Today’s digital climate presents various opportunities for companies to transform business operations.

This is necessary in order to keep up with the ever-evolving nature of consumer demands, where expectations are continually elevated by technology.

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Digital transformation enables businesses to retain relevance amid a sea of digital disruption.

New companies can enter markets quicker than ever before, and differentiate services around new technologies.

This has created an evolve or die like environment for businesses. Innovate or risk becoming obsolete.

Digital evolution has changed the way businesses interact with consumers, driven by today’s preferred communication methods.

Today’s smartphone culture has shifted consumer priorities, where people spend significant time on their mobile devices.

Companies can influence consumers with mobile business solutions, those which are most likely to meet user expectations.

This provides ample opportunity for a company to position its brand against competitors while promoting new products and services.

But how do you go from conventionality to modern principles?

By making digital transformation a priority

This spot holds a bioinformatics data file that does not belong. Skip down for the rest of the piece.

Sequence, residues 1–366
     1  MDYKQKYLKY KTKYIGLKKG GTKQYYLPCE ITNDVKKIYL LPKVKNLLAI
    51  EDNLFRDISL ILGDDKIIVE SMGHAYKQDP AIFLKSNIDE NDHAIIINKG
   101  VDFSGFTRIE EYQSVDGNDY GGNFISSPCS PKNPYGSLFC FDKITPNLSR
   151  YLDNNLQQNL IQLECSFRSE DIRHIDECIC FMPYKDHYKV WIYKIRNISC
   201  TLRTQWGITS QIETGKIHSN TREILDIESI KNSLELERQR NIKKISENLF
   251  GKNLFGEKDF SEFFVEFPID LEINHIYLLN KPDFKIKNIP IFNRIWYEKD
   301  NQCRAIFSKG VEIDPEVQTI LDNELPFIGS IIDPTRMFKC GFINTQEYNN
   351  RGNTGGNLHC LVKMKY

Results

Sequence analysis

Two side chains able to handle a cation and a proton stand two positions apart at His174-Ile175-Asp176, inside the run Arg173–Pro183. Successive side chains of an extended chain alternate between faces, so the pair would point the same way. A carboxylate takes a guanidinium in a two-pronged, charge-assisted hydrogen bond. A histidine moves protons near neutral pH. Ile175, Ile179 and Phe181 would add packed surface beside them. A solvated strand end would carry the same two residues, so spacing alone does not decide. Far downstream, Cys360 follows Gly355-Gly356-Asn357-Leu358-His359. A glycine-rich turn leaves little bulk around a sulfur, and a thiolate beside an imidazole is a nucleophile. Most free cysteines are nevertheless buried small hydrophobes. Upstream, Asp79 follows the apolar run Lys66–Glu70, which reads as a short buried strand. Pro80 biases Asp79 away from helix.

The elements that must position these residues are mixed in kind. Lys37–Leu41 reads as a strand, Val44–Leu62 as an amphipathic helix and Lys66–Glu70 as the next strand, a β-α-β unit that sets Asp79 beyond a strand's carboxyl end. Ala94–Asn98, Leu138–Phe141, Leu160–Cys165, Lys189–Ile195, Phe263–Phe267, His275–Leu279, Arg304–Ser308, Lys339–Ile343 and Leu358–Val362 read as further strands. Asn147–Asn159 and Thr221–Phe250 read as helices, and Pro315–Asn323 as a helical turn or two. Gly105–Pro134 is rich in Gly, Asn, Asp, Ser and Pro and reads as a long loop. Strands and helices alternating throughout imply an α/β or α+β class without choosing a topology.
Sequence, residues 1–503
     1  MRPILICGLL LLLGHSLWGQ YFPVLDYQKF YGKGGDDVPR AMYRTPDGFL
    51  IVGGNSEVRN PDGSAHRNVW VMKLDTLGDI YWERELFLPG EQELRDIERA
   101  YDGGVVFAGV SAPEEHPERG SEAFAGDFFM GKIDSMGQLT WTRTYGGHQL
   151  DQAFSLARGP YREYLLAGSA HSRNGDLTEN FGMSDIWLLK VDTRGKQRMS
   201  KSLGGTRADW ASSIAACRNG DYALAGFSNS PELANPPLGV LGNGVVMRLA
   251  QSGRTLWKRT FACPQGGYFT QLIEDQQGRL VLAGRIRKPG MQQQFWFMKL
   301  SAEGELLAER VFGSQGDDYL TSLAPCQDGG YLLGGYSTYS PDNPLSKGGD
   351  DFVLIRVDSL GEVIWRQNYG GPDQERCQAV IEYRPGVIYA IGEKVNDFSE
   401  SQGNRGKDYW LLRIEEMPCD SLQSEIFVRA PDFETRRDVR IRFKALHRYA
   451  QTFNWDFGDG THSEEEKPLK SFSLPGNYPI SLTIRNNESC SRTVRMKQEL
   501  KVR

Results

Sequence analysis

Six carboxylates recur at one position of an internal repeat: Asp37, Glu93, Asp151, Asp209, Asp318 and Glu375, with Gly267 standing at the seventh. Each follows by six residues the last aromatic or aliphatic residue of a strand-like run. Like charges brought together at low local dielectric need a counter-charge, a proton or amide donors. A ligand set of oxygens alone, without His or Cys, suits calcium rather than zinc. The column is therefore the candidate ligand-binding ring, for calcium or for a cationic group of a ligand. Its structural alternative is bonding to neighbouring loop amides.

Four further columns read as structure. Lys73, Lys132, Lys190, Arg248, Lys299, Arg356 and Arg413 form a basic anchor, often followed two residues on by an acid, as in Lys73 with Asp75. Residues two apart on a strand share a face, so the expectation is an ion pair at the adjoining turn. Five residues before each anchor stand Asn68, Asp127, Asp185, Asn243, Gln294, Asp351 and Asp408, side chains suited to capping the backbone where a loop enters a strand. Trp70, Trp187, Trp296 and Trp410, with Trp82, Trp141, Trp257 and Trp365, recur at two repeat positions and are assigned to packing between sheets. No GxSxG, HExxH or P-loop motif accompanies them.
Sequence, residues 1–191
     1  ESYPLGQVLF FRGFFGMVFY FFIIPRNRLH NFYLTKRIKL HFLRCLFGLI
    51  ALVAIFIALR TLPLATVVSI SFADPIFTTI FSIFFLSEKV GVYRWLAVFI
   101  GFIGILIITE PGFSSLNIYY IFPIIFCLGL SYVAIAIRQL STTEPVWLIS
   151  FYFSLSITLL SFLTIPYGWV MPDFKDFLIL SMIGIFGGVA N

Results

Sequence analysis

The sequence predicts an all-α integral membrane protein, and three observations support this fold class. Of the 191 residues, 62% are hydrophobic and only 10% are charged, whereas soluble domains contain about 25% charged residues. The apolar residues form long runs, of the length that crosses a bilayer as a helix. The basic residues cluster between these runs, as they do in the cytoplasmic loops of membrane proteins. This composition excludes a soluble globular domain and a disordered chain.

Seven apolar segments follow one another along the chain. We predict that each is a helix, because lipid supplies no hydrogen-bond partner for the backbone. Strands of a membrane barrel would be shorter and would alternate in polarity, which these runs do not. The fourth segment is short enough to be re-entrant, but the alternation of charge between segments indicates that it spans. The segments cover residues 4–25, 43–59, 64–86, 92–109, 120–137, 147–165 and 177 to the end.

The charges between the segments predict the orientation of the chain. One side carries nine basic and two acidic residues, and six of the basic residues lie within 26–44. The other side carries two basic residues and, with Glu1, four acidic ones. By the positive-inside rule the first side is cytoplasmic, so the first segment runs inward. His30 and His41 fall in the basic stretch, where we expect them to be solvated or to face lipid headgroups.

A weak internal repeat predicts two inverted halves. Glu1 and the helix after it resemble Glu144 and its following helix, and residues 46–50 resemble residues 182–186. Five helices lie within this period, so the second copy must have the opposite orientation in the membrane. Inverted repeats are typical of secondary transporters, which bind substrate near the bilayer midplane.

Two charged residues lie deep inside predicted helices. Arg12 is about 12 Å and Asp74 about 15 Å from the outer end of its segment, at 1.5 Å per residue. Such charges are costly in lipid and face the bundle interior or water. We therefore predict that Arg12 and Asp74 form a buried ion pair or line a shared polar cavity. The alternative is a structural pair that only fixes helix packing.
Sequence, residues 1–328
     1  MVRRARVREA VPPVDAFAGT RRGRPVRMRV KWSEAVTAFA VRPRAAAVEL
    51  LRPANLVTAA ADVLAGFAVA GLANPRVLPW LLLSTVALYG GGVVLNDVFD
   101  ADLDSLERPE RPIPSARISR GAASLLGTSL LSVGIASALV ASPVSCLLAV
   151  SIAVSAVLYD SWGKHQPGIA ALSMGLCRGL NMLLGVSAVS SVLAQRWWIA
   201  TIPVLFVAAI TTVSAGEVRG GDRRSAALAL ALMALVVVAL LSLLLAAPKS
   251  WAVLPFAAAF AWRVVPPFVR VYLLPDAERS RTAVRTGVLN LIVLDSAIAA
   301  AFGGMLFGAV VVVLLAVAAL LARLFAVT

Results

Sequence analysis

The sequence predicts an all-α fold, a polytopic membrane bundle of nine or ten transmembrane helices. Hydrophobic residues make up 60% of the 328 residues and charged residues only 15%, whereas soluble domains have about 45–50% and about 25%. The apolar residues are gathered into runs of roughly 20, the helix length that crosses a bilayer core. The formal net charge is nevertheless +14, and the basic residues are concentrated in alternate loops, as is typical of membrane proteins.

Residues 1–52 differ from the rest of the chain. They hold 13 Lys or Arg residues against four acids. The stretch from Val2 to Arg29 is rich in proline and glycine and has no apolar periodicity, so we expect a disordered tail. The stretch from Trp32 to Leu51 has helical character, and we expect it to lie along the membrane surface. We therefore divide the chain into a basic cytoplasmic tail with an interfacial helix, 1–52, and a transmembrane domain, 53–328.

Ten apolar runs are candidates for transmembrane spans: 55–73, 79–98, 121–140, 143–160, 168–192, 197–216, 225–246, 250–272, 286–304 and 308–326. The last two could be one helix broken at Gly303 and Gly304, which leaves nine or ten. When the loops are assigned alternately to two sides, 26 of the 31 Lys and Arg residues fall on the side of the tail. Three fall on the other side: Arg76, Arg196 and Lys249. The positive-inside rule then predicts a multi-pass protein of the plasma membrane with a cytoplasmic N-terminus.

This means implementing the right structures, systems and processes as you strive toward digital adoption.

This is easier said than done, but initiating a successful digital transformation strategy is a real possibility regardless of status or ambition.

Gaining inspiration from one of many digital transformation examples is a great place to start.

These often prove that digital transformation is not only a buzzword, but a tried and tested concept which has reaped positive results in the real world.

Here are some digital transformation examples instigated by companies that have had great success in today’s digital climate:

SAP – Prioritize Culture

Digital transformation is embedded at the core of modern company culture, especially with innovative companies who are shifting the landscape as it’s currently known.